\[{\rm{pH}}\; = \;{\rm{p}}{K_{\rm{a}}}\;{\rm{ + }}\;{\rm{log}}\frac{{{\rm{[}}{{\rm{A}}^{\rm{ – }}}{\rm{]}}}}{{{\rm{[HA]}}}}\]

In this example, the base is NH_{3,} and the acid is the NH_{4}^{+}.

\[{\rm{pH}}\; = \;{\rm{p}}{K_{\rm{a}}}\;{\rm{ + }}\;{\rm{log}}\frac{{{\rm{[N}}{{\rm{H}}_{\rm{3}}}{\rm{]}}}}{{{\rm{[N}}{{\rm{H}}_{\rm{4}}}^{\rm{ + }}{\rm{]}}}}\]

We have the concentration of ammonia and the ammonium ion, so the only **missing part is the p K_{a}**

_{.}

Remember, *K*_{a }is the dissociation constant of the acid or the conjugate acid, while *K*_{b} is the dissociation constant of the base. So, for these components, the corresponding dissociation equation would be:

NH_{3}(*aq*) + H_{2}O(*aq*) ⇆ NH_{4}^{+}(*aq*) + OH^{–}(*aq*) *K*_{b} (NH_{3}) = 1.8 x 10^{-5}

NH_{4}^{+}(*aq*) + H_{2}O(*aq*) ⇆ NH_{3}(*aq*) + H_{3}O^{+}(*aq*) *K*_{a }**– to be determined**

The p*K*_{a }can be calculated by either first determining the *K*_{a }from *K*_{b} since *K*_{a }· *K*_{b }= *K*_{w}_{, }

_{ }

or

by first determining the p*K*_{b} and converting using the relationship: **p K_{a} + pK_{b} = 14 **(see below).

Using the first equation, we get that:

\[\left[ {{\rm{p}}{K_{\rm{a}}}} \right]\;{\rm{ = }}\,\frac{{{K_{\rm{w}}}}}{{\left[ {{\rm{p}}{K_{\rm{b}}}} \right]}}\; = \,\frac{{1.0\, \times {{10}^{ – 14}}}}{{1.8\, \times \,{{10}^{ – 5}}}}\, = \,5.6\, \times \,{10^{ – 10}}\]

p*K*_{a} = -log Ka = – log 5.6 x10^{-10} = 9.25

Once the p*K*_{a} is known, plug the values in the Henderson–Hasselbalch Equation:

** **** **

\[{\rm{pH}}\; = \;{\rm{p}}{K_{\rm{a}}}\;{\rm{ + }}\;{\rm{log}}\frac{{{\rm{[N}}{{\rm{H}}_{\rm{3}}}{\rm{]}}}}{{{\rm{[N}}{{\rm{H}}_{\rm{4}}}^{\rm{ + }}{\rm{]}}}}\]

\[{\rm{pH}}\; = \;9.25\;{\rm{ + }}\;{\rm{log}}\frac{{{\rm{0}}{\rm{.75}}\,M}}{{{\rm{0}}{\rm{.95}}\,M}}\, = \,\,9.15\]

**The p***K*_{a }and p*K*_{b }Relationship

*K*

_{a }and p

*K*

_{b }Relationship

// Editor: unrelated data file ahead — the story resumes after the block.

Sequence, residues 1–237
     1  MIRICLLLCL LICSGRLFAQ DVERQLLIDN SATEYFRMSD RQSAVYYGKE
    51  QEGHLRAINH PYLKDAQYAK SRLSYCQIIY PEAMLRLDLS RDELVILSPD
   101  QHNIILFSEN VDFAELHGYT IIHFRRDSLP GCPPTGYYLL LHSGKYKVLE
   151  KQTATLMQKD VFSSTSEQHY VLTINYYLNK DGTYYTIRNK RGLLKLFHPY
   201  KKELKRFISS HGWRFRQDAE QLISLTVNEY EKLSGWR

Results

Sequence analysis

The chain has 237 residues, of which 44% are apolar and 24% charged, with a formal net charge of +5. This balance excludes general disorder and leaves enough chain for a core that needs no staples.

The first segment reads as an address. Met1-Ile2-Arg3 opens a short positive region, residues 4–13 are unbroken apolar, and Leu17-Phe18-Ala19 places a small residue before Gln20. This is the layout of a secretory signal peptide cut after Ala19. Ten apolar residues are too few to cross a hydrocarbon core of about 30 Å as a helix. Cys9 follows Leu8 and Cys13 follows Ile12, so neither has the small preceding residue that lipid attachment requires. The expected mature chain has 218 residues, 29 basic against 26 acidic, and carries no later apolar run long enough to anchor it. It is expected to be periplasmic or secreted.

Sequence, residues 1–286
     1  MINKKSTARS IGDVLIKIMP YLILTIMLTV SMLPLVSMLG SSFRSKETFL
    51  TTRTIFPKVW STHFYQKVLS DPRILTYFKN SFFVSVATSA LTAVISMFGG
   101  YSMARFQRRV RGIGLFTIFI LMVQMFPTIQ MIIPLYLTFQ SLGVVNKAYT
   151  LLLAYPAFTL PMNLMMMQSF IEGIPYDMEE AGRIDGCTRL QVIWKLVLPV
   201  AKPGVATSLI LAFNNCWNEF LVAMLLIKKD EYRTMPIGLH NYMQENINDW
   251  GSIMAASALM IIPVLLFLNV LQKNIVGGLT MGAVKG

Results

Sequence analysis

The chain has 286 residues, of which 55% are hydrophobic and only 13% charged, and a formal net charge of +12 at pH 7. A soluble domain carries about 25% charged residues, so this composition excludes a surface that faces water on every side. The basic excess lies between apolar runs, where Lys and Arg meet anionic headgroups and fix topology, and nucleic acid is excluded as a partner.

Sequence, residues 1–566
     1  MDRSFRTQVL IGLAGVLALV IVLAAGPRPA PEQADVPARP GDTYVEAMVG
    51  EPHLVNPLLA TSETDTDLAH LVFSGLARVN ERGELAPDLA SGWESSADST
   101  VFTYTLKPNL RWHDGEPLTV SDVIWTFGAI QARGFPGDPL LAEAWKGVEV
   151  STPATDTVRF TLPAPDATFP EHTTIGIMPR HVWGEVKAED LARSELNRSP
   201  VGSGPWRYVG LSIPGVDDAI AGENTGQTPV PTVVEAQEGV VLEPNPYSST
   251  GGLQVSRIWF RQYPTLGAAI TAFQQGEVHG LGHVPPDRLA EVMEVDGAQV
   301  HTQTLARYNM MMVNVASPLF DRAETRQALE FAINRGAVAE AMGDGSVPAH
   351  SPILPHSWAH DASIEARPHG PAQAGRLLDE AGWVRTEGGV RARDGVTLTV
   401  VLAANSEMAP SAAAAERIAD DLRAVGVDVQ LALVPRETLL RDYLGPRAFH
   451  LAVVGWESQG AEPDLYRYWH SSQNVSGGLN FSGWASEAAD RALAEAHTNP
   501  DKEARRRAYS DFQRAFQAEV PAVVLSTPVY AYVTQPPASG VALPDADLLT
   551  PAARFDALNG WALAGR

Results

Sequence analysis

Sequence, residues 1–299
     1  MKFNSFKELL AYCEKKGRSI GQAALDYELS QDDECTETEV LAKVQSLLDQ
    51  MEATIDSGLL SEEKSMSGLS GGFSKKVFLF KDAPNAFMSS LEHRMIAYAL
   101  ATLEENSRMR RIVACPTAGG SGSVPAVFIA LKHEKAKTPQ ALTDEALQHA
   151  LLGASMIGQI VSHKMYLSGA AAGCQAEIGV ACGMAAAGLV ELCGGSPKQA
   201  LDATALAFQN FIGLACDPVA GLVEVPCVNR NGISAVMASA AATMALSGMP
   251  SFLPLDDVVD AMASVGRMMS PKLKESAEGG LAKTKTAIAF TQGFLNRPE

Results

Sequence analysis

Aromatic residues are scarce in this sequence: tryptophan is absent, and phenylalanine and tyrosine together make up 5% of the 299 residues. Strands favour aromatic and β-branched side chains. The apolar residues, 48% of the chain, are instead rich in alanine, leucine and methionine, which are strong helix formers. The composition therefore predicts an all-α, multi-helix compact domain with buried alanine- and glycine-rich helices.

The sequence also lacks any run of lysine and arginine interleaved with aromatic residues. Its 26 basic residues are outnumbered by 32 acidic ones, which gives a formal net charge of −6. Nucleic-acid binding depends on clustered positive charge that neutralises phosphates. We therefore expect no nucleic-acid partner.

If take a log of both sides of the equation above, we can obtain a relationship of p*K*_{a} and p*K*_{b}:

Log (*K*_{a }· *K*_{b}) = *K*_{w} = 10^{-14}

log* K*_{a }+ log *K*_{b }= log 10^{-14}

log* K*_{a }+ log *K*_{b }= -14

Rearranging the equation, we get negative logs, which represent the p*K*_{a} and p*K*_{b}:

-log* K*_{a }– log *K*_{b }= 14

**p K_{a }+ pK_{b }= 14**

** **

This correlation can be used, for example, for determining the conjugate base strength of acids based on their p*K*_{a} values.

Let’s say we need to **determine the stronger base comparing CN ^{–} and NO_{2}^{–}**, given the p

*K*

_{a}values of HCN (p

*K*

_{a }2.1) and HNO

_{2}(p

*K*

_{a }3.2).

To answer this faster, you need to remember that the stronger the acid, the weaker its conjugate base, and vice versa, the weaker the acid, the stronger its conjugate base. Therefore, HCN, being a stronger acid (smaller p*K*_{a}), will have a weaker conjugate base.

Mathematically, you can calculate the corresponding p*K*_{b} values keeping in mind that the smaller the p*K*_{b}, the stronger the base.

p*K*_{b }= 14 – p*K*_{a }

p*K*_{b }(CN^{–})= 14 – 2.1 = 11.9

p*K*_{b }(NO_{2}^{–}) = 14 – 3.2 = 10.8

Therefore, NO_{2}^{– }is a stronger base.

** **

Going back to the example of NH_{3}/NH_{4} buffer, we can also determine the pKa by first calculating the p*K*_{b}:

p*K*_{b }= -log *K*_{b }= -log 1.8 x 10^{-5 }= 4.75

Therefore, the p*K*_{a} is:

*K*_{a} = 14 – p*K*_{b} = 14 – 4.75 = 9.25

**Check Also**

- Definitions of Acids and Bases
- Acid-Base Reactions
- Acid-Base Titrations
- Conjugate Acid and Conjugate Base
- Autoionization of Water and
*K*_{w} - The pH and Acidity
- Acid Strength,
*K*_{a}, and p*K*_{a} - Base Strength,
*K*_{b}and p*K*_{b} - The pH of a Strong Acid and Base
- pH + pOH = 14
- The pH of a Weak Acid
- The pH of a Weak Base
- ThepH of Polyprotic Acids
- The acidity of a Salt Solution
- The pH of a Salt Solution
- The pH of Salts With Acidic Cations and Basic Anions
**Acids and Bases Practice Problems**